San Francisco Police Department conducting internal investigation over lost Apple iPhone 5 affair
According to Lt. Troy Dangerfield of the SFPD, an internal investigation has begun to determine how the pair of Apple security personnel were helped by the SFPD in searching the home of Calderon. The two Apple security team members went to Calderon's home after another Apple employee reported misplacing the prototype of the next-gen iPhone at a tequila bar called Cava22. Apple told the cops that the phone was electronically tracked to Calderon's home in Bernal Heights.
Calderon, who did admit to being at Cava22 during the night in question, says the cops never entered his home to search for the phone; instead they allowed the two Apple security men to search Calderon's house, car and computer. On Sunday, SFPD chief Greg Suhr told the San Francisco Chronicle that it is not unusual for police to assist private investigators as a way to make sure that there isn't a problem.
Calderon, who now says that he is talking to an attorney about the matter, hinted that the SFPD attempted to cajole him into consenting to the search of his home. He said that officers told him that they could return with a search warrant if he failed to authorize a search, and inquired if any illegal foreigners were living in his home. Defense Attorneys in the area say that police are not supposed to use duress to coerce consent to search a home. In addition, Calderon also says that he was not aware that the two men who conducted the search of his property were Apple investigators. He claims that had he knew that the pair worked for Apple, he never would have let them in. John Runfola, a criminal defense attorney says that by not identifying the men who conducted the search, it probably would be considered an "unlawful" search.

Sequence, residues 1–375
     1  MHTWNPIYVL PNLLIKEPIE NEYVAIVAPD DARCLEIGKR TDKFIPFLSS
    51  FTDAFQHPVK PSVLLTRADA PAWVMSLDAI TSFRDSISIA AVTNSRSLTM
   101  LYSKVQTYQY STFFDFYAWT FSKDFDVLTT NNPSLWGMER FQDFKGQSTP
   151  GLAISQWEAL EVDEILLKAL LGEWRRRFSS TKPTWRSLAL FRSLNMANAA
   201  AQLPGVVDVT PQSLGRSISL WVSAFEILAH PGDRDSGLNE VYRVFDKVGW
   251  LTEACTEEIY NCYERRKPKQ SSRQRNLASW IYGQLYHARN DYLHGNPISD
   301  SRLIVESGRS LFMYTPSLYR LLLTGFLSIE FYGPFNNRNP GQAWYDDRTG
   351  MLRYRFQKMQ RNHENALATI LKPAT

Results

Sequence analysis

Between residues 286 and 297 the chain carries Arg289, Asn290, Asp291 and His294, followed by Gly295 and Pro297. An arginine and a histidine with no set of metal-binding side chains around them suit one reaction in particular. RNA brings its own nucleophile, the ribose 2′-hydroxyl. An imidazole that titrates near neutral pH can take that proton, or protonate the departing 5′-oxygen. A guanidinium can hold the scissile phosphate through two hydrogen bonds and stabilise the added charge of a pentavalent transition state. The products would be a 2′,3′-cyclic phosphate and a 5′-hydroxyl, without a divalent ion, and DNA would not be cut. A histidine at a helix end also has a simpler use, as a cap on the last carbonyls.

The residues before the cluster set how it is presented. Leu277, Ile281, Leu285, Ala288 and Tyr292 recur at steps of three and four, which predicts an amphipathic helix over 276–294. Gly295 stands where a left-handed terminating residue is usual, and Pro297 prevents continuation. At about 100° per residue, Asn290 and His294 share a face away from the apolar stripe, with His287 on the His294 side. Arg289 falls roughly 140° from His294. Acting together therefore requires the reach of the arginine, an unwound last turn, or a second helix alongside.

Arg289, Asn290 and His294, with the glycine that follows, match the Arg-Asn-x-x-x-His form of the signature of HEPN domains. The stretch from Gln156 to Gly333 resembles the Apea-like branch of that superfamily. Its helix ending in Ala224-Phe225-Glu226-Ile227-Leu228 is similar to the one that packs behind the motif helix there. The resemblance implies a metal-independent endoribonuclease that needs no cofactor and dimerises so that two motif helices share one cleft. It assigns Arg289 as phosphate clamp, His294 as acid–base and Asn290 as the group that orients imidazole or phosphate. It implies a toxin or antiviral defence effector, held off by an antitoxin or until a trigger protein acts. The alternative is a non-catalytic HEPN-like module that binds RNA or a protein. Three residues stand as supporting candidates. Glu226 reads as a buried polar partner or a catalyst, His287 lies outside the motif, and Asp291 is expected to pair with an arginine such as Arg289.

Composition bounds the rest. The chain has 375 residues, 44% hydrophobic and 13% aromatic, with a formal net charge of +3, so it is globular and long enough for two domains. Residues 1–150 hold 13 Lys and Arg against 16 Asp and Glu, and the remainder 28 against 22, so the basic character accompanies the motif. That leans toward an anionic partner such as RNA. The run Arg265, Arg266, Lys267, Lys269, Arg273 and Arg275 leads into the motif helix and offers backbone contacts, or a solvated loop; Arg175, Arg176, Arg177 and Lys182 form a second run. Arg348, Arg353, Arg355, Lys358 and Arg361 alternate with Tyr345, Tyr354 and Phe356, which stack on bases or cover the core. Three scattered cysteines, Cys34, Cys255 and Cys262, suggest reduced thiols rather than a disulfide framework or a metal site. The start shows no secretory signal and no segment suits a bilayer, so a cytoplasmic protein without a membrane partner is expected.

Runfola and other attorneys say that because the phone was not found on Calderon's premises and nothing was taken by Apple personnel, there is not much that Calderon can do about the events that took place. For him to be successful in a civil suit against the SFPD, he would have to prove that he lost something and he can't even claim to have lost his anonymity. After all, can you remember the name of the guy who found the iPhone 4 prototype and ended up selling it to Gizmodo?
source: CNET via AppleInsider